Johnson & Johnson face an additional 14,000 talc-related cancer claims according to a May regulatory filing. In February, J&J received subpoenas from the Securities and Exchange Commission and the United States Department of Justice seeking documents on the safety of its talc powders.
If you or a loved one has been diagnosed with cancer after using Johnson & Johnson or Colgate talc powders (including Shower to Shower Powder, baby powder, or Cashmere Bouquet), you may have a legal claim for damages. Call Thornton Law Firm’s female mesothelioma attorneys, Leah McMorris or Leslie-Anne Taylor for a confidential, free evaluation of your legal claim at 1-888-341-1405. Or tell us your story here to discuss your legal rights and how you should proceed. Do not delay seeking legal advice. Like all legal claims, talc powder lawsuits have short time limits within which they must be filed.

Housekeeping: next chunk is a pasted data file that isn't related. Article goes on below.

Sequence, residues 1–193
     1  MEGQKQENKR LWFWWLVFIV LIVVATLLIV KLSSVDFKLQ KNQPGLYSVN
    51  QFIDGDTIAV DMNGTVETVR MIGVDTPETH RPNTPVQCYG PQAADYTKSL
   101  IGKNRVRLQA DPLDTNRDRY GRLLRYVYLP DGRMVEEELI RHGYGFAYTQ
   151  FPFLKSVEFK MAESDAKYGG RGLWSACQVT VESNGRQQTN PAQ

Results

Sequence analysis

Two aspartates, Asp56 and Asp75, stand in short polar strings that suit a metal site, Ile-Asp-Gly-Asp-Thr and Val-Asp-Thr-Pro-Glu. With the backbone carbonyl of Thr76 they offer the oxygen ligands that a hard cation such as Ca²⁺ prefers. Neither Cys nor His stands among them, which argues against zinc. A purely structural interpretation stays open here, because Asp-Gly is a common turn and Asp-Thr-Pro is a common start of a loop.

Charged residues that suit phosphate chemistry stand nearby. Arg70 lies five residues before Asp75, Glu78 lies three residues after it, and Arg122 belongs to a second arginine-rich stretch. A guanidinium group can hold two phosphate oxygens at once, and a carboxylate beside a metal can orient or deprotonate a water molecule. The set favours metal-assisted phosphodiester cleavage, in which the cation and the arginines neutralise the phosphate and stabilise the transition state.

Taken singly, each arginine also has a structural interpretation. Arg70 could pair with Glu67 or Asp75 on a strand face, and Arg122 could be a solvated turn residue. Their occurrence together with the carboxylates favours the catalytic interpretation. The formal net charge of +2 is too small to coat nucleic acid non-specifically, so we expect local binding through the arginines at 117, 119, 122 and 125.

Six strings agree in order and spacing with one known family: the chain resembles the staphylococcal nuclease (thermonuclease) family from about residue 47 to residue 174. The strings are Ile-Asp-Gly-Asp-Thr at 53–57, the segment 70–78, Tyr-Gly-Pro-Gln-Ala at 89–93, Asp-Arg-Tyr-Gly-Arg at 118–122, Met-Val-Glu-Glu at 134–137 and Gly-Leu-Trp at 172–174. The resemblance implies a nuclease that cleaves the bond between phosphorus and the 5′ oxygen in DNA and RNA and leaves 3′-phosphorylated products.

Posted on March 19, 2019
A California jury awarded $29 million to a woman dying from mesothelioma cancer in her lawsuit against Johnson & Johnson, attributing her development of the asbestos-linked cancer to her use of J&J baby powder.
Plaintiff Teresa Leavitt, the mother of two children, was diagnosed with mesothelioma in 2017. She is not expected to live beyond 2020, according to testimony of her doctors. The jury awarded her $2.49 million in past and future lost economic damages as well as $22 million for noneconomic damages past and future. Her husband was awarded $5 million for loss of consortium. No punitive damages were awarded.